David Bourget (Western Ontario)
David Chalmers (ANU, NYU)
Rafael De Clercq
Jack Alan Reynolds
Learn more about PhilPapers
Constitutional analysis often contains ambiguity surrounding the word "right" and other legal concepts. The Supreme Court uses the word equivocally to mean a claim, liberty, power, or immunity. The Court also invokes amorphous concepts such as "right of privacy." This article offers an analytical framework to resolve such ambiguity. First, the article explains a canonical theory developed by Professor Wesley Hohfeld to clarify similar ambiguity in private law and shows how Hohfeldian analysis extends to constitutional law. Second, the article applies Hohfeldian analysis to four notable Supreme Court decisions, including Texas v. Johnson and Grutter v. Bollinger, and clarifies the word "right" in each. In sum, this article clarifies the nature of constitutional rights and provides a powerful tool for resolving conceptual ambiguity in constitutional analysis.
|Keywords||No keywords specified (fix it)|
|Categories||categorize this paper)|
Setup an account with your affiliations in order to access resources via your University's proxy server
Configure custom proxy (use this if your affiliation does not provide a proxy)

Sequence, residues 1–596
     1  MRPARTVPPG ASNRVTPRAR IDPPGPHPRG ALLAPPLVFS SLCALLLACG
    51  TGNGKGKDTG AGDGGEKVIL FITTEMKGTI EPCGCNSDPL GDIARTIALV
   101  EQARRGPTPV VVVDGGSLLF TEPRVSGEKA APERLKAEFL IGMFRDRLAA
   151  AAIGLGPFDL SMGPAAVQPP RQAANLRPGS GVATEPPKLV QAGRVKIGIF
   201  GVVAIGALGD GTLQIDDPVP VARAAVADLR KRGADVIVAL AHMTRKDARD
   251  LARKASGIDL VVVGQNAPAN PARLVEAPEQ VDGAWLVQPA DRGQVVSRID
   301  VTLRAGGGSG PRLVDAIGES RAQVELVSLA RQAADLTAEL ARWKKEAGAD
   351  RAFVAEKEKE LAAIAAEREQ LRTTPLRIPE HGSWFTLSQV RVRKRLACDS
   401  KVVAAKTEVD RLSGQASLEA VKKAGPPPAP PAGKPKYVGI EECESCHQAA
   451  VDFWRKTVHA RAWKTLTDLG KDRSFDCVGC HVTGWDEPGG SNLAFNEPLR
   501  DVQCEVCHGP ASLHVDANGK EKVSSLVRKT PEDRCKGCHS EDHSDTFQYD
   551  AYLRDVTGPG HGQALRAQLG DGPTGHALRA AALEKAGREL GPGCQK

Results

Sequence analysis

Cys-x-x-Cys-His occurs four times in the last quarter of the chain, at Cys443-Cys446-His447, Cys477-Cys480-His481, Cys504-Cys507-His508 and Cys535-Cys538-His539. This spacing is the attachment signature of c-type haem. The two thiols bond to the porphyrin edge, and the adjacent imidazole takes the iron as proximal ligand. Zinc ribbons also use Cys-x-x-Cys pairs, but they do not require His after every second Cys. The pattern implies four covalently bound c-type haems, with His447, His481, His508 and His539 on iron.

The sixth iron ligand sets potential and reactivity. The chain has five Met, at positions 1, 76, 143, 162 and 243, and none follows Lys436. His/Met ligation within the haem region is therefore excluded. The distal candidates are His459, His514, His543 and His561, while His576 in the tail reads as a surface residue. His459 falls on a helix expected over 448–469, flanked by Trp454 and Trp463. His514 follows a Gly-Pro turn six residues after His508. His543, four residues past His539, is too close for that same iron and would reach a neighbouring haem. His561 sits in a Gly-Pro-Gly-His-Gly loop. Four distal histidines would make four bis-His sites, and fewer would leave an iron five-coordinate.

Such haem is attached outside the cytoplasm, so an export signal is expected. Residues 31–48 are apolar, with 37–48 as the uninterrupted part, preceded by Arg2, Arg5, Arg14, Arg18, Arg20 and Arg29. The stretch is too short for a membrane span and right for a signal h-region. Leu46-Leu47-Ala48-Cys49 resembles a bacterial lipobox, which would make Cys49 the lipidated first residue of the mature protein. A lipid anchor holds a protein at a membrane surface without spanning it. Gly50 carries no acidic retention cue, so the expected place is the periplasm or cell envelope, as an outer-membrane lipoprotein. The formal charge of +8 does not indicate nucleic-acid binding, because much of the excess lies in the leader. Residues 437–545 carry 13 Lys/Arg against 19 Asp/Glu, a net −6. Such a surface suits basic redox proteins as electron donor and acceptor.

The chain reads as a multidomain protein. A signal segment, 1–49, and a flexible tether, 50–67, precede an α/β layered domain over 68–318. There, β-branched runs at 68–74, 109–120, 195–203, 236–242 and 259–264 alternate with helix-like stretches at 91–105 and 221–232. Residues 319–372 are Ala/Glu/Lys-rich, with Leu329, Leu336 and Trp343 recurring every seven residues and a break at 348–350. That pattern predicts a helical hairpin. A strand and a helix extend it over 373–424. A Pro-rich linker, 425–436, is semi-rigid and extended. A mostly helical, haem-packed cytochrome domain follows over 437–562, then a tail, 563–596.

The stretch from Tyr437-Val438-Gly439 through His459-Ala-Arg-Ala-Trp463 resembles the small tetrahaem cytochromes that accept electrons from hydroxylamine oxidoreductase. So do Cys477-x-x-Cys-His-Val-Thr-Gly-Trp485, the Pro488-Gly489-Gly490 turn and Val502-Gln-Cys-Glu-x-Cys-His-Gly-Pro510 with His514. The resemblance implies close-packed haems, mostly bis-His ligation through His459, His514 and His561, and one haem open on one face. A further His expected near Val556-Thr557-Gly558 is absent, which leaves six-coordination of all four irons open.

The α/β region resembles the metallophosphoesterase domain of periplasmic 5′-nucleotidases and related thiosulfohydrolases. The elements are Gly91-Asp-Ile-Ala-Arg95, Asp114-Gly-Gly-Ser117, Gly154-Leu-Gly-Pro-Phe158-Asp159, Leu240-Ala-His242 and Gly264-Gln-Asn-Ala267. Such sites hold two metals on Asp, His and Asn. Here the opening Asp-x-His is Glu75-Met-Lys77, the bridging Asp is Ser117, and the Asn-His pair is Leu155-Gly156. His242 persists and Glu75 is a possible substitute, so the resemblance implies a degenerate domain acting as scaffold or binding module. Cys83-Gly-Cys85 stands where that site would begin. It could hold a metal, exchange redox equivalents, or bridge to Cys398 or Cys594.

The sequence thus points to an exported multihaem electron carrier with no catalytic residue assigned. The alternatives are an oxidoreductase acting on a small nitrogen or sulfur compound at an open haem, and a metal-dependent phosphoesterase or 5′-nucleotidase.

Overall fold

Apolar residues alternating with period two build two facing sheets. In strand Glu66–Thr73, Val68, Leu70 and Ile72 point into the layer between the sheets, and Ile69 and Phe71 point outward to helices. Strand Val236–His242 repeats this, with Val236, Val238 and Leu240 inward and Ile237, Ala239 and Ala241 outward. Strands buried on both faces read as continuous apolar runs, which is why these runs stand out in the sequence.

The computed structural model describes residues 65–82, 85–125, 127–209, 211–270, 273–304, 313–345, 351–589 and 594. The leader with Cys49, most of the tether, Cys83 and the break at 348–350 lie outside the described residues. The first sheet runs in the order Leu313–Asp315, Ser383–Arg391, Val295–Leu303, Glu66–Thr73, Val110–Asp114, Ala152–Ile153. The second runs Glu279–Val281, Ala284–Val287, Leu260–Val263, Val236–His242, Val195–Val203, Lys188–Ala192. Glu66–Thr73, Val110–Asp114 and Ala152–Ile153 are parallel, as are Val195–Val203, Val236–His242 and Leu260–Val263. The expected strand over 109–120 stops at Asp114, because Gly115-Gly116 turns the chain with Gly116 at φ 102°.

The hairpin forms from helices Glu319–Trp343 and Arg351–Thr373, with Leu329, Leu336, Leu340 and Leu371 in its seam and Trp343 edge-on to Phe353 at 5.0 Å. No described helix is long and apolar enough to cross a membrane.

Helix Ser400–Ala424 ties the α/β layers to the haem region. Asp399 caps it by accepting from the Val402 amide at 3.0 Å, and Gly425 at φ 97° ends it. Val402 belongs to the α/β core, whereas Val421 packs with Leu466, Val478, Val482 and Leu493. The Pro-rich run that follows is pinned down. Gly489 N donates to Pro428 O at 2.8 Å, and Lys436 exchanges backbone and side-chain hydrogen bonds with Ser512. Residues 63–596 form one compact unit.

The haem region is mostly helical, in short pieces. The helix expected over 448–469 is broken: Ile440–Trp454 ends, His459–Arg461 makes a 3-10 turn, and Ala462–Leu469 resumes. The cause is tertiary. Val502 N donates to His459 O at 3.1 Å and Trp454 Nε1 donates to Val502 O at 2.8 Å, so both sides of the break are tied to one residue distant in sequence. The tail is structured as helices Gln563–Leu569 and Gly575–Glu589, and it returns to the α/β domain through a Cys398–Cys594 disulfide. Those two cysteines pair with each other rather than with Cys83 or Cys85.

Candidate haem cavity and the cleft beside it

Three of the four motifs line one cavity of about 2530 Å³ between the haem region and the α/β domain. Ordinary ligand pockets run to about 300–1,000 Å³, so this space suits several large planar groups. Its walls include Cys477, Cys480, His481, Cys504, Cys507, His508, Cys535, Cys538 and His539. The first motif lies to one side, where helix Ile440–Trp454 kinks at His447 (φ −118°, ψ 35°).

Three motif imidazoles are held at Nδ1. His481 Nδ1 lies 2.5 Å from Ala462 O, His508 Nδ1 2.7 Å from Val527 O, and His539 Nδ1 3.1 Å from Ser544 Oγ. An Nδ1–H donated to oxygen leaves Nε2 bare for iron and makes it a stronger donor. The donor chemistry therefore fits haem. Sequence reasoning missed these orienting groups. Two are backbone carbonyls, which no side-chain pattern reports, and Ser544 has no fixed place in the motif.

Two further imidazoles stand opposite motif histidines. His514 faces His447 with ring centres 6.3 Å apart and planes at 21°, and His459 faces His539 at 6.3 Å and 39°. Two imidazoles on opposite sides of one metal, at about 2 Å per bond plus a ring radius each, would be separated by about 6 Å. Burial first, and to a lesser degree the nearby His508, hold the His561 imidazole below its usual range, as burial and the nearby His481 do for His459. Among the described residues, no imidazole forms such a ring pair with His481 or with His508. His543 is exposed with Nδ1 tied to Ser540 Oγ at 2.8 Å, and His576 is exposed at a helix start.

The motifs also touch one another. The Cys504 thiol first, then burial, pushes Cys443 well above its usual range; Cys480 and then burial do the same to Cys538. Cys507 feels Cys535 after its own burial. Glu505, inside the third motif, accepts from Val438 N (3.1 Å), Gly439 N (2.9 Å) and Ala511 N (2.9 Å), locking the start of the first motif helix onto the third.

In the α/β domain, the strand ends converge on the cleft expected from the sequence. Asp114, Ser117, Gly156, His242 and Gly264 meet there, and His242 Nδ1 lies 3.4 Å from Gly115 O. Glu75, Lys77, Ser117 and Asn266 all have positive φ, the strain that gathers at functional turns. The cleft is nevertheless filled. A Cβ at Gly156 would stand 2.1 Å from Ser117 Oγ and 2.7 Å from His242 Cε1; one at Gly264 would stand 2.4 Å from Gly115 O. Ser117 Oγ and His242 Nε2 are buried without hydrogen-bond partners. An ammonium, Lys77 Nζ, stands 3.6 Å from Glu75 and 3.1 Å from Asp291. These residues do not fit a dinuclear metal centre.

|Through your library||
References found in this work BETA
No references found.
Citations of this work BETA
No citations found.
Similar books and articles
Michel Rosenfeld (2010). The Identity of the Constitutional Subject: Selfhood, Citizenship, Culture, and Community. Routledge.
Grant Huscroft & Bradley W. Miller (eds.) (2011). The Challenge of Originalism: Theories of Constitutional Interpretation. Cambridge University Press.
Moshe Cohen-Eliya & Iddo Porat, American Balancing and German Proportionality: The Historical Origins.
Francis Wharton (1884/2001). Commentaries on Law: Embracing Chapters on the Nature, the Source, and the History of Law, on International Law, Public and Private, and on Constitutional and Statutory Law. Gaunt, Inc..
Added to index2009-03-15
Total downloads10 ( #167,443 of 1,679,397 )
Recent downloads (6 months)1 ( #183,003 of 1,679,397 )
How can I increase my downloads?